A Golden Dawn demonstration in Athens, June 27, 2012. (Flickr/Steve Jurvetson)
There’s a shadow play going on in Athens, a symbolic political war that also involves real actors and real bombs. The one that went off on Sunday in a suburban shopping mall owned by oligarch Spiros Latsis peppered the front pages of this morning’s papers with shrapnel—“Security cameras show four hooded men”; “Police speak of new terrorist generation”—and made The New York Times: “Bomb Attacks in Greece Raise Fear of Radicalism.” Over the last ten days there have been small explosions outside the homes of pro-government journalists, at banks and local party headquarters and in the building where the brother of the government spokesman lives; someone shot a Kalashnikov into the empty office of the prime minister. So far the only casualty has been people’s sense of security and sanity, the feeling that they can grasp what’s happening around them—but that’s been in intensive care now for some time.
Who’s doing this, and why? The attacks outside journalists’ homes were claimed by an obscure group calling itself the Lovers of Lawlessness/Militant Minority, but that doesn’t tell us much. They could be, as the government says, “far-left anarchists”; they could be, as some on the left say, provocateurs linked to a murky parastate intent on more repression; they could be both at once. But whoever they are, their actions are part of a tightening, an escalation of tension, a narrowing of possibilities, that seems to be gathering speed.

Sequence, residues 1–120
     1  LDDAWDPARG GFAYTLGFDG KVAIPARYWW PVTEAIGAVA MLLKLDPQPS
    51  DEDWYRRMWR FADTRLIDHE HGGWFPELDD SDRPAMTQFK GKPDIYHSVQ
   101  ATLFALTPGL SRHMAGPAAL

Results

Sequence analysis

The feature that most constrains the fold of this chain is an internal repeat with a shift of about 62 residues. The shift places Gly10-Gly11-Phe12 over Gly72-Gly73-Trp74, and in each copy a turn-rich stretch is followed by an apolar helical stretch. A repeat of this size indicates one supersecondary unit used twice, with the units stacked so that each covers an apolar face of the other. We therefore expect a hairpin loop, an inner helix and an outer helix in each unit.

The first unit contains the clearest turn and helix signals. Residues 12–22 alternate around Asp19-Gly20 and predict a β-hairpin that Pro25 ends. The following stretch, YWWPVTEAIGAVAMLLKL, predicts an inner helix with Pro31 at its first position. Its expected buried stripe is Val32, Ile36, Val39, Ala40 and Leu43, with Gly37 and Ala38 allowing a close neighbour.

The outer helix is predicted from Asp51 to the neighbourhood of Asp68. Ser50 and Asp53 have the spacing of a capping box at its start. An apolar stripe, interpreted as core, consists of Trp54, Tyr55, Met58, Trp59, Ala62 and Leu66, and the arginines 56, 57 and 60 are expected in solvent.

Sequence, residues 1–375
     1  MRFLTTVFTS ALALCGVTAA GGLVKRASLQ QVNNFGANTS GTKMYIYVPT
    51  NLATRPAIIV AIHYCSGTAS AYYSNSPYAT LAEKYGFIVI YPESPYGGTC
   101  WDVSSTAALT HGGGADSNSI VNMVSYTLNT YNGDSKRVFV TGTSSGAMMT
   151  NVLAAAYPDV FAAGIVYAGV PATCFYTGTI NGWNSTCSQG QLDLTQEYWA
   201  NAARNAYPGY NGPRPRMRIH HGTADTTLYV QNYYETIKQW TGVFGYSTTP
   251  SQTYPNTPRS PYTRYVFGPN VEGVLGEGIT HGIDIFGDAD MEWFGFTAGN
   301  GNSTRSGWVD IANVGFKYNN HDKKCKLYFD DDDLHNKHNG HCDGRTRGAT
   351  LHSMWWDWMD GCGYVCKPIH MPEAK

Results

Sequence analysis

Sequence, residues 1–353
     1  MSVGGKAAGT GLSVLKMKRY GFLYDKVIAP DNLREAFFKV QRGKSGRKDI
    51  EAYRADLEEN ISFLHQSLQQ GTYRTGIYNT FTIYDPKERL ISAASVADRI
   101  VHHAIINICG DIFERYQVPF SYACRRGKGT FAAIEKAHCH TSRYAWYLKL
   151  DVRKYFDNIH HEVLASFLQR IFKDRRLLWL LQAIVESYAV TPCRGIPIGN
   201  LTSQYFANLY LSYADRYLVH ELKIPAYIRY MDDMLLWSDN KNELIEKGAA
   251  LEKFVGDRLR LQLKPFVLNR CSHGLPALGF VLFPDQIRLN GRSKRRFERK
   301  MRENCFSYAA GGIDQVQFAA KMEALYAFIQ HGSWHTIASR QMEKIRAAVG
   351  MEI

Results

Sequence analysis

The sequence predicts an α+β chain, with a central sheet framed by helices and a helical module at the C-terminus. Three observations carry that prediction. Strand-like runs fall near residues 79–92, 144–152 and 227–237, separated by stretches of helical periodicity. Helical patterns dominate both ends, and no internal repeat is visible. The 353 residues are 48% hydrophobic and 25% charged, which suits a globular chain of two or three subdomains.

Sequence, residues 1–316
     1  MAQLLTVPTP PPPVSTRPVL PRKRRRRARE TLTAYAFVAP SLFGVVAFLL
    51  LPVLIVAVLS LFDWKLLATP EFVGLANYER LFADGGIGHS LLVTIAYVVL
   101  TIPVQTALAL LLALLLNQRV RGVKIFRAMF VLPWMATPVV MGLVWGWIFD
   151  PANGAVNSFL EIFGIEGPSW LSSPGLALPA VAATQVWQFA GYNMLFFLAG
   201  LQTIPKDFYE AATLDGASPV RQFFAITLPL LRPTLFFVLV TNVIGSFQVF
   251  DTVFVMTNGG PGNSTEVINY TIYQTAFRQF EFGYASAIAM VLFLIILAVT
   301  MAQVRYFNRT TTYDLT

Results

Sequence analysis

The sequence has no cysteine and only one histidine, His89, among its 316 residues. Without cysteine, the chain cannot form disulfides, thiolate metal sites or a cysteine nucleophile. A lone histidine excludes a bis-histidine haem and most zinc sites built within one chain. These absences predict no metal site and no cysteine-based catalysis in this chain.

Violence has been simmering for some time in Greece, not just among the young who rioted in Athens in December 2008 but among older people, too. Austerity wears the gentleness out of people’s hearts. At first it was mostly rhetoric. “There are plenty of guns in Athens, plenty of guns, you wait,” an elderly man shouted at me back in 2011. Words became weapons: “They should all be hanged”; “Burn the brothel parliament”; “There’s going to be blood”; “I want Golden Dawn in parliament to beat the others up.” But from the beginning, there was physical violence too: in the attacks on migrants by Golden Dawn supporters with the connivance of the state; in the beating of peaceful protesters and the wild spraying of tear gas by the riot police; in the rain of stones and Molotovs at every demonstration; in the surge of suicides. You could say that hunger and homelessness in the midst of plenty are a kind of violence, too.
That’s not to say that these things are equivalent, or that one form of violence justifies another, only that violence in itself is nothing new. What is new, perhaps, is violence as spectacle, part of a coded dialogue: security theater against the propaganda of the deed. I’m not sure which of the two I dislike more.